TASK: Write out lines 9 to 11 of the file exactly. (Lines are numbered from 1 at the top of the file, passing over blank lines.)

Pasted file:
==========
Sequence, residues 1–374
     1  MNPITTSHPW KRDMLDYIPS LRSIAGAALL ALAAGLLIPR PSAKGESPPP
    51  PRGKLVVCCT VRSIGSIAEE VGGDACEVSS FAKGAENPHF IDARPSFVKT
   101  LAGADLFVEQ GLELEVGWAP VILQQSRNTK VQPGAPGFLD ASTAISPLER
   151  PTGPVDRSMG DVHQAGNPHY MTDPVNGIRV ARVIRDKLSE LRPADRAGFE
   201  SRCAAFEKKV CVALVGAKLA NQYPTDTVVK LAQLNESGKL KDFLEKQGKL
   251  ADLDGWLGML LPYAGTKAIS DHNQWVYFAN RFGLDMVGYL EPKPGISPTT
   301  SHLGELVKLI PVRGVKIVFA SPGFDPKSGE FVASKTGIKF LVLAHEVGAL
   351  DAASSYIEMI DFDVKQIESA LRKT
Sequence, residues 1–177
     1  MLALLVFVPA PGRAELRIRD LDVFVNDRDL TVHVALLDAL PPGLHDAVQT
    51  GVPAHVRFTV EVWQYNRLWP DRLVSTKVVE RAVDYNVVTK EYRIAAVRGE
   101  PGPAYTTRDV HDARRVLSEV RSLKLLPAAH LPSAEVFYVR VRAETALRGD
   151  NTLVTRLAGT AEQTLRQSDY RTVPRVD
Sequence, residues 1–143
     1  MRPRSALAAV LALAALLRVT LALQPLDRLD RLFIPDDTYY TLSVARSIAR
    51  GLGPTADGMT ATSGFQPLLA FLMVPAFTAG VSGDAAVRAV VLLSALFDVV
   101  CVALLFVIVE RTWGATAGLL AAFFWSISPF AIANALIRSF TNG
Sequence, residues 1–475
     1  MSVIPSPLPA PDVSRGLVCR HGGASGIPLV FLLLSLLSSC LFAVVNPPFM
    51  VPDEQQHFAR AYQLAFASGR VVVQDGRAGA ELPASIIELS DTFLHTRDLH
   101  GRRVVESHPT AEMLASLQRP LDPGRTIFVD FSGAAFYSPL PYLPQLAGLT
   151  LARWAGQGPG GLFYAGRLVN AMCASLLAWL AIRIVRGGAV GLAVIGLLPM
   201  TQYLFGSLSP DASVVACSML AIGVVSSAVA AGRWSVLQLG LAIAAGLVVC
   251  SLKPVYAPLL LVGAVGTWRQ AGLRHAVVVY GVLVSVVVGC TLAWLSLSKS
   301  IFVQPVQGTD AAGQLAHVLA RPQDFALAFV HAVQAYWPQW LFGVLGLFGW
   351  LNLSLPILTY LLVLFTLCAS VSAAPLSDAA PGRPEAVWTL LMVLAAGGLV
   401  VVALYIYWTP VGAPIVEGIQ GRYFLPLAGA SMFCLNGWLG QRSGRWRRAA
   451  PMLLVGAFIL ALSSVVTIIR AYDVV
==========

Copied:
   351  DAASSYIEMI DFDVKQIESA LRKT
Sequence, residues 1–177
     1  MLALLVFVPA PGRAELRIRD LDVFVNDRDL TVHVALLDAL PPGLHDAVQT